Previously, Dan has written about how and why he has been drawn to farming as a career choice. (Guidance counselors, calm yourselves) While I deeply respect the philosophical, ethical, and spiritual underpinnings of Dan’s love of the natural world, my journey into farming is less Wendell Berry-in-a-deer-stand and more Mario-Batali-in-Traverse-City…
I am a farmer because I love food. I love to eat. And, I don’t eat just to satisfy some physiological state of hunger in my body. No, I eat because I love food and I love good food.
As with all things in life, I think I can safely blame my mother. (She’s rolling her eyes right now) Seriously, for a woman who professes to hate cooking, she’s pretty darn good at it. And, no I don’t mean in a “Wow Mom, this take-out is so amazing” kind of way. In fact, her cooking is one of the first things Dan noticed when we started dating – yep, one of my selling points was the fact that my mom could cook a hearty dinner. She was always careful to make sure we were eating the healthiest and freshest foods and she homemade things as much she could. You could rarely find store-bought cookies in our house…ok, maybe a bad example but her homemade cookies really are GOOD.
The thing about eating good food is that there’s usually some cooking involved, and I’d like to think that my cooking has really evolved over the last several years. I mean, I still don’t know what to do with Kohlrabi, but who the hell really cares about Kohlrabi? I’ve learned not to. But I have acquired a certain amount of confidence and playfulness in the kitchen that lends itself to learning new recipes, trying new dishes, and then innovating a little here and a little there.
Still, the best part of food (obviously other than eating it!) is sharing it. A meal made with love and shared with a bottle of wine…there’s nothing more satiating than that. News, politics, sports – they all seem to fade in importance when a roasted turkey appears on the table; or a to-die-for flourless chocolate cake (or dark chocolate whiskey cupcakes!)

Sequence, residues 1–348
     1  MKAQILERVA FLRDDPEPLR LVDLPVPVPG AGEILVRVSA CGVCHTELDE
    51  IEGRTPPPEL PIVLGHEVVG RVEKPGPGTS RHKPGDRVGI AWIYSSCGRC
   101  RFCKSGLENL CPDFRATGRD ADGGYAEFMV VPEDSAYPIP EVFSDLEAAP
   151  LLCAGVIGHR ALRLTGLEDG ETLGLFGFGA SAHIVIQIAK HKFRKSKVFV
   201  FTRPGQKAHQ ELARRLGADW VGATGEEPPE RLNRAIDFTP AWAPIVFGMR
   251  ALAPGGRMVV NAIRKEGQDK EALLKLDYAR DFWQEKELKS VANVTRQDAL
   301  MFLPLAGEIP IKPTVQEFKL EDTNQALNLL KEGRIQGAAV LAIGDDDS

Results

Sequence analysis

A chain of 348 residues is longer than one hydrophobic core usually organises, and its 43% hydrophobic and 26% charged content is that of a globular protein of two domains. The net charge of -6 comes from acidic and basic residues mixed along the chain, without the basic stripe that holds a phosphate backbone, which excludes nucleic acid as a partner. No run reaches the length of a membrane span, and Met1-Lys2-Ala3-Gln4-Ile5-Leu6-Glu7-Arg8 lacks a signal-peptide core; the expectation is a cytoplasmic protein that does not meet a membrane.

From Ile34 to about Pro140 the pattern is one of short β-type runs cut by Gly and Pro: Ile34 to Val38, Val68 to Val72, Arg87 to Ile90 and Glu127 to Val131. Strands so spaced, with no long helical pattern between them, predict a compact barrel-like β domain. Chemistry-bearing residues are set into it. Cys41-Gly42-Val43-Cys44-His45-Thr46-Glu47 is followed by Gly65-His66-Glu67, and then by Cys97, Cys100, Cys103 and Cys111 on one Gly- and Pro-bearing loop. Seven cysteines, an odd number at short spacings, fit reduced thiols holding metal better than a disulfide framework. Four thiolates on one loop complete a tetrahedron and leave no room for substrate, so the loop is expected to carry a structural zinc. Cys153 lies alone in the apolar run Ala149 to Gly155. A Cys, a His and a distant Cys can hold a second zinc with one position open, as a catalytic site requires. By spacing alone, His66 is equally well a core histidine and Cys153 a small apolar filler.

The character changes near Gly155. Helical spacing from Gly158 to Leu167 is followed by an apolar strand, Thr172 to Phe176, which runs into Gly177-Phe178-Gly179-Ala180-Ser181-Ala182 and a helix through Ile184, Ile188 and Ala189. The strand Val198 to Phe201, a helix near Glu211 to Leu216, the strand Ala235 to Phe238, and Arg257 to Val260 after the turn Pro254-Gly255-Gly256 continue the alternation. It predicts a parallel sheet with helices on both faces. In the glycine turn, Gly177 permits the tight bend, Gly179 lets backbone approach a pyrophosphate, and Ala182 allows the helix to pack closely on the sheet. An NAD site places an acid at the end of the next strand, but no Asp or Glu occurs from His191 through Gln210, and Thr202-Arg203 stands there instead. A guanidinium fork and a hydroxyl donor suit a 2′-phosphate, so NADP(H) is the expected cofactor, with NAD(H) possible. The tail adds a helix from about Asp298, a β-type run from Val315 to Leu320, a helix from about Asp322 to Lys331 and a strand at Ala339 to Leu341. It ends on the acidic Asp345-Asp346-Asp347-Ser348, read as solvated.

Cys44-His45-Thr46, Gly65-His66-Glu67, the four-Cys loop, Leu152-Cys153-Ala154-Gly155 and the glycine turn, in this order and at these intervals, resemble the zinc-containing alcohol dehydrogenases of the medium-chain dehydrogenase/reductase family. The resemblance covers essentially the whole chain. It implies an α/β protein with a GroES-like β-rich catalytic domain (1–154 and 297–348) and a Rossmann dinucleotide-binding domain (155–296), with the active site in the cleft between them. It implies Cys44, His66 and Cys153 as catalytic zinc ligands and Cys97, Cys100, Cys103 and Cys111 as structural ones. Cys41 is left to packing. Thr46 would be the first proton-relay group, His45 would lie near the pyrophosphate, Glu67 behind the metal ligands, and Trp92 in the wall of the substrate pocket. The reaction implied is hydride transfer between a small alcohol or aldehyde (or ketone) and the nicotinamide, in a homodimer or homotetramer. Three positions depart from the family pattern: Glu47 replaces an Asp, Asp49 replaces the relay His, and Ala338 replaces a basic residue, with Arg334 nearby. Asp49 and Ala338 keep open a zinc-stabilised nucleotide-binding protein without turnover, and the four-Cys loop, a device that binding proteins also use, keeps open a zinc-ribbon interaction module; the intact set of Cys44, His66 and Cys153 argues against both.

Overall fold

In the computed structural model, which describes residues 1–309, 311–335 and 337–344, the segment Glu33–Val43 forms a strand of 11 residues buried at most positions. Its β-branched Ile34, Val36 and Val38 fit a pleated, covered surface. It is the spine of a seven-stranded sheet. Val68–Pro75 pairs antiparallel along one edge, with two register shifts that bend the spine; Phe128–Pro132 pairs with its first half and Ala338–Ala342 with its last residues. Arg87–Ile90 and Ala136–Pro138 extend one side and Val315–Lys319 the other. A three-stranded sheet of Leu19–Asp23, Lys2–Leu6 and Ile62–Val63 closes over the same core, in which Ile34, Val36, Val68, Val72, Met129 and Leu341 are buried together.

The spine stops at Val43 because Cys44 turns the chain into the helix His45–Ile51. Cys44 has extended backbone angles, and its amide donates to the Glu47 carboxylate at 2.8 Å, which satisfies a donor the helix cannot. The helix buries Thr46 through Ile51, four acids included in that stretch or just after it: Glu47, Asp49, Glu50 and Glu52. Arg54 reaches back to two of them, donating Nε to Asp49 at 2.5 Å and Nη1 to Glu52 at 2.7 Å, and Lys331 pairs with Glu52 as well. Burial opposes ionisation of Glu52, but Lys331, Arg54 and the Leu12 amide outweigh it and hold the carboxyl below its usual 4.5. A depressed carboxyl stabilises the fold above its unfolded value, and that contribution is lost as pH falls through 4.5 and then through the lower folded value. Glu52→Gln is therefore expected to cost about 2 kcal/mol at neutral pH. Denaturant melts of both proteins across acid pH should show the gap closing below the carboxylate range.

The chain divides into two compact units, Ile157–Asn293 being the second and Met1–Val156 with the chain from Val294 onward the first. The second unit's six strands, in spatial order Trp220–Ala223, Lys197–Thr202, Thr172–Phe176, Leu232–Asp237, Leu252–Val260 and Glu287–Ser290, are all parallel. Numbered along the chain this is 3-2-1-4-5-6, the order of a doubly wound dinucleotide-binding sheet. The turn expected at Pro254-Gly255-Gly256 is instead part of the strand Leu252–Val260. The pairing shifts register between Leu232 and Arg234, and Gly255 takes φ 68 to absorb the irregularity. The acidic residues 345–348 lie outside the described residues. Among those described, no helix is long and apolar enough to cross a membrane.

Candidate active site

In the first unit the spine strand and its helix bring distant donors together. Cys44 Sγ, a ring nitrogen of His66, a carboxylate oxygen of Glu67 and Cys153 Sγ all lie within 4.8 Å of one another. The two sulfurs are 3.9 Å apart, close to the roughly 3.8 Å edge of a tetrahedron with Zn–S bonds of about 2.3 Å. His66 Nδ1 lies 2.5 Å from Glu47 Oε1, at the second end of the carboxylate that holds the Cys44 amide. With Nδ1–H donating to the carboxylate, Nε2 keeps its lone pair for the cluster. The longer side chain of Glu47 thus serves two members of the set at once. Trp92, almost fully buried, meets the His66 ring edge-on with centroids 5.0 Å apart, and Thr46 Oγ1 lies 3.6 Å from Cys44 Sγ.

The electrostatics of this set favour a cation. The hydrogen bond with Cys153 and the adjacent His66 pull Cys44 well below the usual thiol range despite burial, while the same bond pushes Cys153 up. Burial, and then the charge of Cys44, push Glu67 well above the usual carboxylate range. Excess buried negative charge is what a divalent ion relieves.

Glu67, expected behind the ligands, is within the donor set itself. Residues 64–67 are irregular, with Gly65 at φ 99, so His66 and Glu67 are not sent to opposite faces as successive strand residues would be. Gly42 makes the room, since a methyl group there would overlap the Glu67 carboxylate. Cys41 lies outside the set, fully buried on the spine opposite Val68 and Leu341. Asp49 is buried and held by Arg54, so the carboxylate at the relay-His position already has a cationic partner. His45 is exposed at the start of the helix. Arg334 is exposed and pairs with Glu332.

For me, the only thing that doesn’t seem to fade away in the midst of a good meal is religion, but that’s because I think eating is a spiritual experience. When you’re sharing the fruits of your labors, suddenly who you share it with because incredibly important. I think the Bible even mentions breaking bread with people once or twice…Don’t ask me, I’m Catholic and we leave that thing to the experts …just kidding. Like the Jews saving a seat for Elijah at the Passover Seder and Jesus sharing his Body & Blood with the Apostles, what we’re sharing and who we’re sharing it with are important because they transform us.
In my own small way, I want to feel good about the good food I’m sharing. As a farmer, I want to transform, and be transformed by the food we raise, what we eat, and how we connect to the community. So, roast that chicken, bake that cake, saute those veggies, and kick back with a glass of wine and some good conversation. That’s life. And that’s the Gospel of Good Food…According to (the future) Saint Whitney.